The pop wisdom on what economists (real economists) mean by “rational actors” or “rational decision makers” is ostentatiously misleading. That view basically suggests that rationality = “correct choice” or perhaps something like “omniscient beings.” This is of course silly not least of all that Hayek won a Nobel Prize in part for demonstrating how important prices are precisely because humans are not omniscient beings.
But good economics uses the idea of rationality far more subtly and effectively. What we mean by rational behavior is that individual actors using their best available means, given their information and cognitive constraints, to achieve their desired ends. You see, nowhere does “correct” show up in such an assessment. It would in fact be preposterous to suggest that this is essential. What I find incredibly ironic is the subtle distinction here between “intentions” and “results.”
Long-time readers of this site know that I have almost a state of contempt for the literati/intelligentsia/students/professors/etc. who celebrate and elevate intentions above all else. “So what if ethanol is starving Guatemalans, we are showing that we care about the planet by trying to do something! That’s more than you do nothing folks!” You know what I mean. But these folks are typically the anti-capitalist/behavioralist/statist leaning folks that denigrate individual decision-makers. Yet this makes little sense to me.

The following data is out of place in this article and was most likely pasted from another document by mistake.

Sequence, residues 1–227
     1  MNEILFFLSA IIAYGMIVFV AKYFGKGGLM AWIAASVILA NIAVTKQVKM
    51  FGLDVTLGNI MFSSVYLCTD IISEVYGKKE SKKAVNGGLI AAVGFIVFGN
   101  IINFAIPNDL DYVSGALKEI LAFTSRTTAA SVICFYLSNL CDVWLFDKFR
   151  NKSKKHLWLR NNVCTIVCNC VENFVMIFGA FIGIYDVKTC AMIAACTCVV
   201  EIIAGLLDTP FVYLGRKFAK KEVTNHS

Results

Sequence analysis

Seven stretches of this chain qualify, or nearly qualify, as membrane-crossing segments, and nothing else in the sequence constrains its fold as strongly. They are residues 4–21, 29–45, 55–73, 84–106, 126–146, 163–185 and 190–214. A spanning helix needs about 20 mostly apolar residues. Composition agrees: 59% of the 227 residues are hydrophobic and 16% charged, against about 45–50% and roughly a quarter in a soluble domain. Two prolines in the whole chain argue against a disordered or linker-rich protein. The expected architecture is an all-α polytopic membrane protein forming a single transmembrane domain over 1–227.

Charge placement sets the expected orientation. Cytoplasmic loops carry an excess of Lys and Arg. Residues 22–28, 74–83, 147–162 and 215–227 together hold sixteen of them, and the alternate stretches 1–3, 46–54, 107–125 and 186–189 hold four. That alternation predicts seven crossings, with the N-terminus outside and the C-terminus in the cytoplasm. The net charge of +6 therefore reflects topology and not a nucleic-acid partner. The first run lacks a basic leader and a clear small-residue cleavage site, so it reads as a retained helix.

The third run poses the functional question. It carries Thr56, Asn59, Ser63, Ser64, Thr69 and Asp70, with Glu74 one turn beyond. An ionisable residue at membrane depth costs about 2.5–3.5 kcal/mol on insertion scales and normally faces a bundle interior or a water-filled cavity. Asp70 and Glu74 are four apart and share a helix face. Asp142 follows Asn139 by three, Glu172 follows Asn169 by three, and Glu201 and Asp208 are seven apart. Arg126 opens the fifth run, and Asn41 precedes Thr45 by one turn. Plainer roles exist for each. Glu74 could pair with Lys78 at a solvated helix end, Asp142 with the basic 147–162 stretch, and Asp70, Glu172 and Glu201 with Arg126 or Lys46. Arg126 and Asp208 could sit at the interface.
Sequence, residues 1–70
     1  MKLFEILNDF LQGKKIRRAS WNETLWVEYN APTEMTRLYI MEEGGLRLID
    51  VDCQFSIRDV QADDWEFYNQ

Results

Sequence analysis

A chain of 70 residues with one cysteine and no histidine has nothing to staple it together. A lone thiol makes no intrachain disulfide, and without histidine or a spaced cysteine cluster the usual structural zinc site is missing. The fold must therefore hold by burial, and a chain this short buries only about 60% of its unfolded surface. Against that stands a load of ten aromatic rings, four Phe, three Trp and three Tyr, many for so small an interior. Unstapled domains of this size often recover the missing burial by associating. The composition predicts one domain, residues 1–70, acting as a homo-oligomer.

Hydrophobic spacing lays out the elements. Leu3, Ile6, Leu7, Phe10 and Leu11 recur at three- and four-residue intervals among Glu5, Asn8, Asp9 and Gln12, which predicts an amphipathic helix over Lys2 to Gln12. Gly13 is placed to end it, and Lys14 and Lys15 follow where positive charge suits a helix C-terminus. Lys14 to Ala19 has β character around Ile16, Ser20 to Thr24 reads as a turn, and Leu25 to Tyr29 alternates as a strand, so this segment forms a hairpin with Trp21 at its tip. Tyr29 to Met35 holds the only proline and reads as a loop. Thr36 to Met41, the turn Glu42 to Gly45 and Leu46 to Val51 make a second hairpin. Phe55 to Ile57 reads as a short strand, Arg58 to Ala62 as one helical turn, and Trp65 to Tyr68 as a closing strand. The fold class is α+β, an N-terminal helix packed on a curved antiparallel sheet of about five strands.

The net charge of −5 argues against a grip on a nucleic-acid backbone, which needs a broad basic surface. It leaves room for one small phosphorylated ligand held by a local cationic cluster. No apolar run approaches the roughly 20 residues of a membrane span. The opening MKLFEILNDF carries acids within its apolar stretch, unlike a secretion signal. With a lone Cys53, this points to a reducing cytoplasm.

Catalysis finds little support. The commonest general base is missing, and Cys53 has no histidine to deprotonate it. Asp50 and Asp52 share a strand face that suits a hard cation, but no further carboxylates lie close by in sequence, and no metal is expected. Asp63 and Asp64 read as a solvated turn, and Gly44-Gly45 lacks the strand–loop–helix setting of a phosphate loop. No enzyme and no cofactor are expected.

So while the greenies and lefties and “progressives” of all stripes argue that intentions matter and that results do not, and that focusing on results is “too economisticy” when they make their behavioral criticisms of markets they flip the switch. Suddenly results DO matter. And mind you, the results that matter are not even important social ones – but rather individual ones. The Nudgers don’t want you to drink soda because it makes YOU fat, not because there is some social problem with your fatness. Empirically it is neutral as an impact in terms of health dollars spent by others.
So let’s review. We cannot apply the economic way of thinking to the environment and most social movements, well, because intentions matter and not results. But then economics sucks as a discipline and should be rejected or lowered in status because despite the best intentions of actors, they can sometimes get results they don’t like.